Chandrayaan ISRO Moon Mission

http://www.youtube.com/watch?v=wwjbf-0r9TE

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Postby Kati » 28 Apr 2008 18:50

Ditto here.

gogna wrote:ISRO PSLV-C9 Successfully Launches Ten Satellites
http://www.youtube.com/watch?v=Cn-Y0lcaCOo
ISRO PSLV-C9 set to launch 10 satellites
http://www.youtube.com/watch?v=Wbm11jGIps8

Feel very proud today, Thank you ISRO, Wake up today and straight to computer, even did a little prayer before went to bed last night

Uploaded by me for world community service

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Postby Vidyarthi » 28 Apr 2008 19:31

Mort Walker wrote:Congratulations to ISRO, a job well done!

In the future could people in this thread please place links to where a launch can be watched live? Its going to be a busy year for launches and its a significant event to watch. Thanks in advance.


I watched it live today, just like the previous several ones on DD National Channel. The telecast commences about 20 minutes before the scheduled lift-off. There is a running commentary by two senior specialists of ISRO, alternately in Hindi and English. Some time they also include a ten minute capsule, showing vehicle integration. The telecast shows the Mission Control Center and Plot boards displaying the predicted trajectory along with the actual trajectory.

Afraid, I do not know of any Internet link, giving lift-off live

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Mystery green cone

Postby prao » 28 Apr 2008 19:47

Arun_S wrote:
Kakarat wrote:Photo Gallery

I wonder what is the green cone on the right background:
...image deleted....


First i wondered if the shield was in two layers with the green cone being the inner layer. But I can't imagine the advantage of that and there would certainly be disadvantages (weight, reliability...)

Now I suspect that the payload fairing is a temporary shield that is used to protect the top of the fourth stage at some point during the construction or assembly of the launch vehicle. If you look closely at the green cone, you'll see flanges with holes which seems to me are used to bolt the two halves together and which would certainly not be present in the final vehicle.

The actual heat shield is shown here and looks exactly like what is visible on the PSLV on the outside.

Image

P

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Postby rsingh » 28 Apr 2008 20:16

It is a world record. Ruskie launched 16 sats but with lighter total payload. Proud of guys at ISRO.

How it started

Image

Modesty and resourcefulness of Indian scientists is amazing.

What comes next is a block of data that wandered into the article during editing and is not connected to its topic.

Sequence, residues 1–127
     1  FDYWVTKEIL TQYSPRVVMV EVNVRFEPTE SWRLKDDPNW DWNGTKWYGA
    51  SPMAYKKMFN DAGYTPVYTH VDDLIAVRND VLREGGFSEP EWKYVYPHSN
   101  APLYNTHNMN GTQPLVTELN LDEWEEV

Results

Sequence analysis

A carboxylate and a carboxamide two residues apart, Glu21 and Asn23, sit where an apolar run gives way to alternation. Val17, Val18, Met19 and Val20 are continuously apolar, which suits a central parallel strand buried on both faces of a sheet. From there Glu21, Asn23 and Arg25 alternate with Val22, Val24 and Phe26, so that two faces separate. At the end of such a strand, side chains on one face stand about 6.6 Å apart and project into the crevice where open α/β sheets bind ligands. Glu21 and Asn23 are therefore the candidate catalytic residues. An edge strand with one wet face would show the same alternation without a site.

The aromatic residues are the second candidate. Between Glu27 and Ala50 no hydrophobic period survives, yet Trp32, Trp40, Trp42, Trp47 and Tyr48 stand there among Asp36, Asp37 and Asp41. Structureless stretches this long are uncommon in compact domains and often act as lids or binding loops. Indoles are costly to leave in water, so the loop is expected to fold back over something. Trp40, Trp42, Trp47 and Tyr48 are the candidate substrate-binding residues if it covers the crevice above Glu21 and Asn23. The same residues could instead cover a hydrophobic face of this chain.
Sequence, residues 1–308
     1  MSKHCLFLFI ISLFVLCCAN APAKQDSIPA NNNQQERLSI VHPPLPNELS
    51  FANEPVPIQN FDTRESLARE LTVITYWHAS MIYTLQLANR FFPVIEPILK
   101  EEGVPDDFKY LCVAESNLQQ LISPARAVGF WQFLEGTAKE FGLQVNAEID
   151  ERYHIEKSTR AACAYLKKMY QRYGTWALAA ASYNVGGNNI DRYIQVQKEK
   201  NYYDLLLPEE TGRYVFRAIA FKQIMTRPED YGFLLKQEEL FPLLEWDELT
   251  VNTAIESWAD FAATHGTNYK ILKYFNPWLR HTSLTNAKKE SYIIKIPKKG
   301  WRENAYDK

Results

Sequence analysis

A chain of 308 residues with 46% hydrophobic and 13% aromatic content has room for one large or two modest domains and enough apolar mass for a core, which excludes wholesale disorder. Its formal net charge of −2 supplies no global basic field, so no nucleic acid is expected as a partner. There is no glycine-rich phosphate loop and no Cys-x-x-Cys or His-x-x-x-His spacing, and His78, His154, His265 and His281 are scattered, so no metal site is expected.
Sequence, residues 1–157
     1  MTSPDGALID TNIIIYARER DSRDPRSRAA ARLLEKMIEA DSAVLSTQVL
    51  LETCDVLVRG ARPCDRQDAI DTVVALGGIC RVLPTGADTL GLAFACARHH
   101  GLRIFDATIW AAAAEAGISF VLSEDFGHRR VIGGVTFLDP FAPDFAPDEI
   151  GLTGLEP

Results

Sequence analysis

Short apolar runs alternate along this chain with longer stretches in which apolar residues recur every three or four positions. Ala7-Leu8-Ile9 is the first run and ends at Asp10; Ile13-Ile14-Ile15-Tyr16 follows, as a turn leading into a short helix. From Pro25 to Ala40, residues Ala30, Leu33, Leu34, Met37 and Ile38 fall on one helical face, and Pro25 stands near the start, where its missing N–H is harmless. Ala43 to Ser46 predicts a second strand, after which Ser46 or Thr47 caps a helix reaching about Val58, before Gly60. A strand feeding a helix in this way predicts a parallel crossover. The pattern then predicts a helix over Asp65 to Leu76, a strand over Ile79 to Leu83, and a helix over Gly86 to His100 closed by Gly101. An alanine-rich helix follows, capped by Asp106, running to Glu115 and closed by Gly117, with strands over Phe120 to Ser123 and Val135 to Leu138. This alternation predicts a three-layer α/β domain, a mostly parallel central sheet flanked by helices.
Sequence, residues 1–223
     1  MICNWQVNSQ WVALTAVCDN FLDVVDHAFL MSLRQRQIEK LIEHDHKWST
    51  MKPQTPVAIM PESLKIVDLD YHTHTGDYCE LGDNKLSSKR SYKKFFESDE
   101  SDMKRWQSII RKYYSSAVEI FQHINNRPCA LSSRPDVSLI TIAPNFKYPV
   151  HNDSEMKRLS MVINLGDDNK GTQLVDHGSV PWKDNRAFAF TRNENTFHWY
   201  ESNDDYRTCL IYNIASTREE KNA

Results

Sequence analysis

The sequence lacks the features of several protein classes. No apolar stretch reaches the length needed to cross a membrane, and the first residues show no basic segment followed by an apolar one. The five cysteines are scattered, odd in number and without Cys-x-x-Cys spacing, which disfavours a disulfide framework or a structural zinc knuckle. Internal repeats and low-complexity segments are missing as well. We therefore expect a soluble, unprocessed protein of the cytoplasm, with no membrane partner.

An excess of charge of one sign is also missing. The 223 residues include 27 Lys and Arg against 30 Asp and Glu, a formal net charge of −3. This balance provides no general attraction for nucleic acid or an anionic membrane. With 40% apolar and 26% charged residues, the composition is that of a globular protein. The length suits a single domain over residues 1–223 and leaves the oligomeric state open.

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World record?

Postby prao » 28 Apr 2008 20:32

I really hate it when claims of records are made w/o sufficient investigation because if it turns out that the claims are false, it needlessly diverts attention from the actual achievement. Since the claims of a world record were so vague I decided to investigate a bit. Here's what I found. I found one thread with one poster claiming: This from a guy who has his own space webpage and should have been reliable. (Gunter Krebs of http://space.skyrocket.de)

The Minotaur-1 launch of 26. January 2000 put 11 payloads into orbit
The Dnepr-1 launch of 15. June 2007 orbited 14 payloads

If we count passive calibration subsats, a number of soviet Taifun-2 satellites deployed each 24 subsatellites. And two Koltso (Kosmos 1985, 2053) deployed each 36 subsatellites.

And there is also Project Westford. As each of the dipoles is a deliberately deployed object, the number of simultaneously launchd "payloads" is about 480 million.


Investigating some more, I found that the claimed Minotaur launch launched fewer satellites into orbit than the 11 claimed by the poster. Also it seems that rather than the launch vehicle releasing the satellites, this was a staged release, with the first satellite released releasing the remaining satellites. I don't know how to compare this with the PSLV -C9 launch. Here's the reference and a quote from the linked reference in that article:

http://en.wikipedia.org/wiki/Minotaur_(rocket)

The Joint Air Force-Weber State University Satellite is an American military mini-satellite launched aboard a Minotaur rocket on January 27, 2000 from Vandenberg Air Force Base in California.[1] After its own launch, JAWSAT deployed four microsatellites: FALCONSAT, OCSE, OPAL, and ASUSat.[2] JAWSAT also carried NASA's Plasma Experiment Satellite Test (PEST).